Hrothgar’s Grave

Go behind Bairnwick, toward a small stand of oaks and the swamp leading to Stirling’s, and you will see the gravestone of Hrothgar.

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Who was Hrothgar, you ask?  He was an English bulldog, much beloved in Sewanee over half a century ago, named for the Danish king in Beowulf.  That Hrothgar–the builder of the great mead-hall, Heorot–was described by the poet as sé þe his wordes geweald      wíde hæfde / hé béot ne áléh      béagas daélde / sinc æt symle, “he whose words had weight everywhere, who did not lie when he boasted, who dealt out rings, and treasures at banquet.”  In Boston I had a neighbor with a bulldog named Beowulf, and a cat named Grendel, but neither was commemorated with a monument.  I have seen Hrothgar’s picture–and collar–in the archives, and perhaps will post them sometime soon.  A fine piece in the Sewanee Purple (March 2, 1960) about Hrothgar’s funeral is posted below.

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Hrothgar Park Is Site Of Hrothgar Funeral By ALEX SHIPLEY

Funeral services for Hrothgar were held Monday, February 22. Hrothgar, the big English bulldog, had been an adopted member of the Dr. George B. Myers family for eight years. Every student at Sewanee dur-ing that period grew to know the “King of the Mountain.”

Hrothgar majored in DOGmatic the-ology under Dr. Myers and Dr. Robert Petry gave him “A’s” in physics be-cause “. . . he never gave a stupid an- swer.”

Clad in his own cap and gown (made for him by Mrs. Myers) Hrothgar marched in academic processions. He faithfully attended chapel services and his snores, which habitually ended in a low moan, were very disconcerting to the clergy.

At All Saints’ Chapel, where Hrothgar preferred the chancel steps, the procession would part and walk around him. In hot weather the marble step in front of the lectern seemed a cool resting place. Rather than ask the English gentleman to move, Chaplain Collins straddled him on occasions in order to read the lessons.

A Dog of Dogs
Hrothgar was wonderful with chil-dren and with people in general, but he demanded respect from other dogs. In his younger days he fought many a bloody battle to prove his point. The funeral held in Hrothgar Park at Bairnwick, the home of Dr. and Mrs. Myers, was attended by approximately thirty students, matrons, and faculty members.

Dr. Myers, presiding at the service, paid the following tribute to Hroth-gar: “He had a pedigree longer than mine. He was gentle and friendly, particularly with children, and nobody loved this Mountain more than he. We shall miss him, and commend him to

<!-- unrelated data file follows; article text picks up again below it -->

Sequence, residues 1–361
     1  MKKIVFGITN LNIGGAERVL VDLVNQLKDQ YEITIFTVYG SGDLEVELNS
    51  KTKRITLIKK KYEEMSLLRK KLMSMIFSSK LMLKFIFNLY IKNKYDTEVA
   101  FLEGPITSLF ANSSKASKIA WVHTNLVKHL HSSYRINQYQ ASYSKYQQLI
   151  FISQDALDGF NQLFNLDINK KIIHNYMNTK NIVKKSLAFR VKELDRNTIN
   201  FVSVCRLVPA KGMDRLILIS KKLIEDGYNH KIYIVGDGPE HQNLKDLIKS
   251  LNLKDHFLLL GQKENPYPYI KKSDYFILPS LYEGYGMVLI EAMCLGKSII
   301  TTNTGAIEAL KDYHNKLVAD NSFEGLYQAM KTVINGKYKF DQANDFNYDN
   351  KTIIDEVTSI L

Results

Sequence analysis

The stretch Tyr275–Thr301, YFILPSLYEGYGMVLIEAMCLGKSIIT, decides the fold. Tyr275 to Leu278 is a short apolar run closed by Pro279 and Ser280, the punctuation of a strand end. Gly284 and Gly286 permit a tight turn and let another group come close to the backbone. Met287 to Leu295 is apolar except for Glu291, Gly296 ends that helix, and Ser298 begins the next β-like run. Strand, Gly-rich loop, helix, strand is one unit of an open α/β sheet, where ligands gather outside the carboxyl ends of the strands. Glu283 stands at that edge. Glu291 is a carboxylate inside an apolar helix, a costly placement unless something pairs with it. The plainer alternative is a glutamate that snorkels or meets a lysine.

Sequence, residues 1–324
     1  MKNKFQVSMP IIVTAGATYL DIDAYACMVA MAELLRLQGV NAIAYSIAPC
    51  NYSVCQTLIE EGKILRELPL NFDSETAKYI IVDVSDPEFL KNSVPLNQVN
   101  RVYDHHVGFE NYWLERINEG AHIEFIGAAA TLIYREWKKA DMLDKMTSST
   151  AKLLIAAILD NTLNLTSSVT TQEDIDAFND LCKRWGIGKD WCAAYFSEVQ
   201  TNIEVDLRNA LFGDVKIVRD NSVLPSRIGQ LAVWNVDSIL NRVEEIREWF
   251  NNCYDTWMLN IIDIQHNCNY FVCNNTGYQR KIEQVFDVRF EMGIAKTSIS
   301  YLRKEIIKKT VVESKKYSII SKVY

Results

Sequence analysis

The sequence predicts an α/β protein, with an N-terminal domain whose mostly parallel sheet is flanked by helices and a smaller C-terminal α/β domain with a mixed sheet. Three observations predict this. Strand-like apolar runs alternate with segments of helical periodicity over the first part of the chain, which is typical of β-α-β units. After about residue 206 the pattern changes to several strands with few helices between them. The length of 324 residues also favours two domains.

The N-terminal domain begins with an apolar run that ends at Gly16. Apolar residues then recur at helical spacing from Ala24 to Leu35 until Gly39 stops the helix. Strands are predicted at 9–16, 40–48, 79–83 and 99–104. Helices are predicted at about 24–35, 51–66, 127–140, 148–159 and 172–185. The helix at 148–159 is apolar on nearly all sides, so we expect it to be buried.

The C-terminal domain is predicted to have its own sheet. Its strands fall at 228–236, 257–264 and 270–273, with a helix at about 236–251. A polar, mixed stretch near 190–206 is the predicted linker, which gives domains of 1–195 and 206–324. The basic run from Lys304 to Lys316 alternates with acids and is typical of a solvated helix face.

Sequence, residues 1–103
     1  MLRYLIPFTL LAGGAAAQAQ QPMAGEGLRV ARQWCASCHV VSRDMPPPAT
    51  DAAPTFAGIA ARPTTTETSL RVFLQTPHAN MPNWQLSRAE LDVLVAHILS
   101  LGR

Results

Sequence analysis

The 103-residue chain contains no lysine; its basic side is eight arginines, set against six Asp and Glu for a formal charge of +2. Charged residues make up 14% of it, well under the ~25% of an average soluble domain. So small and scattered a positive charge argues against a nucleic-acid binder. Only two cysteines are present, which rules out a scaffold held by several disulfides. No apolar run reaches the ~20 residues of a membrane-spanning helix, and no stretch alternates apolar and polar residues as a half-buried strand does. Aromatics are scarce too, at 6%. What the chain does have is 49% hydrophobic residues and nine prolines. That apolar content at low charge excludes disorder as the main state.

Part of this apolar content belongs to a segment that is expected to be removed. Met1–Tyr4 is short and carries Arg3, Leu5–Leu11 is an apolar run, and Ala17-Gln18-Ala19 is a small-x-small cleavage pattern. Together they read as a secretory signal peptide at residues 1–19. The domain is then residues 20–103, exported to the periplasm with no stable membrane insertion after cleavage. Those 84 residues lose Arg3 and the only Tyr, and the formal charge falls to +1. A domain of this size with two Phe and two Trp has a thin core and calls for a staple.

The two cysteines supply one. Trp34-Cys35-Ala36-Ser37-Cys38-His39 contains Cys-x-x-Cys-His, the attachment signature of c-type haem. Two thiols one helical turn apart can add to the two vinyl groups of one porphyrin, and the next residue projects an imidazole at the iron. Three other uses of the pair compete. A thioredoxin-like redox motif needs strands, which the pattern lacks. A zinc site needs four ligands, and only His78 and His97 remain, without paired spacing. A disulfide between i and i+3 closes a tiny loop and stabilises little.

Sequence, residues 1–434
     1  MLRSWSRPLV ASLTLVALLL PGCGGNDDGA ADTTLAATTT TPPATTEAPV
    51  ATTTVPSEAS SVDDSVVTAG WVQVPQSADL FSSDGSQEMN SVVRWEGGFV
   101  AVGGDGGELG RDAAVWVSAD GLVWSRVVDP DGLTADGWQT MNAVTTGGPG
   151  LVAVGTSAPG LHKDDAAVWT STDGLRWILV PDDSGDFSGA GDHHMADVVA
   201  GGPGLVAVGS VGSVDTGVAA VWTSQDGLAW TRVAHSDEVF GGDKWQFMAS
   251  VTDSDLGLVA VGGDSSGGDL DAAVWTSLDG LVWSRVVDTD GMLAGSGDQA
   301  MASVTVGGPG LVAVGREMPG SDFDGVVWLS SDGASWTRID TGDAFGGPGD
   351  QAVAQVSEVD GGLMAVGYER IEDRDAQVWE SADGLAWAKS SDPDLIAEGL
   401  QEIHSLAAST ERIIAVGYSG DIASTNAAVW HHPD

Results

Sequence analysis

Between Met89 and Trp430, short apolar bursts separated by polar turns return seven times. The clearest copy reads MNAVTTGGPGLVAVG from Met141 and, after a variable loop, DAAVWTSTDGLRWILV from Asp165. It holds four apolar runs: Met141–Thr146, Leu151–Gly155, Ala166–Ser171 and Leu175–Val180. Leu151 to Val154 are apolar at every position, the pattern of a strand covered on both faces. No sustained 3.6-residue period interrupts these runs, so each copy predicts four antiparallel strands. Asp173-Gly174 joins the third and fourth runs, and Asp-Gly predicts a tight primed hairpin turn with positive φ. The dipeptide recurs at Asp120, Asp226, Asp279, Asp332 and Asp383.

a faithful Creator.”

The Interment
After this eulogy the “Benedicite, omnia opera Domini” (“. . . O all ye Beasts and Cattle, bless ye the Lord, . . .”) and the Prayer for Animals (”. . . help us to find in caring for them [animals] a deeper understanding of thy love for all creation. . . .”) were read. The service was ended with the Grace.

Hrothgar’s casket was draped with a pall of Sewanee purple. Death notices of Hrothgar appeared in several Southern newspapers. Mr. Myers said that she and her husband had received letters of sympathy from all over the South. Mrs. Jo Conn Guild of Lookout Mt. Tennessee, the owner of the kennels in which Hrothgar was born, wrote a letter to Mrs. Myers expressing her sympathy.

“Beloved Dog”
“The loss of a beloved dog leaves such a vacancy in one’s life and heart. Mr. Guild and I have followed Hroth-gar’s academic career with interest and delight . . . Indeed his life must have been a glorious one. . . .

“Bulldogs are an amazing combina-tion of dignity and clownishness. I think their physical build is so typical of their nature—that great great clumsy front and frisky debonair rear.”
Dr. Myers has announced plans to erect a headstone bearing the inscription:“HROTHGAR MYERS, NOBLE ANIMAL, KING OF THE MOUNTAIN.” Hrothgar’s collar is to be framed and, with a picture of the animal, hung in the Thompson Union beside other mementos of notable Sewaneeans.

Posted on October 4th, Feast Day of Saint Francis.
Laudato sie, mi Signore, cum tucte le Tue creature

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About Uncomely and Broken

I teach Latin and Greek at The University of the South in Sewanee, Tennessee.
This entry was posted in Animals, Boston, Dogs, England, Mythology, Poetry, Sewanee, Trees & Flowers. Bookmark the permalink.

3 Responses to Hrothgar’s Grave

  1. Roshni says:

    That’s awesome! I’ve never heard this story before

  2. April Alvarez says:

    I believe it was Hank Haynes, C’63, who told me a wonderful Sewanee story. He had stayed late at the Library, and walked out at midnight into a impenetrable fog. As he started his way along the path toward his dorm, he heard the sound of heavy breathing. So he stopped and turned and asked, “Who’s there?” Silence. He started walking again and heard this heavy breathing behind him. Again he stopped and asked, “Who’s there?” Again, silence. The third time he started walking again, faster, and for the third time he heard it loud and clear, this heavy, heavy breathing, so he was a little frustrated and also a little nervous, so he said, “OK, what’s going on here? I can hear you! Who’s following me?” Nothing. He started on the path back toward the library to catch whoever it was and there sat Hrothgar the bulldog, waiting quietly for someone to follow home.

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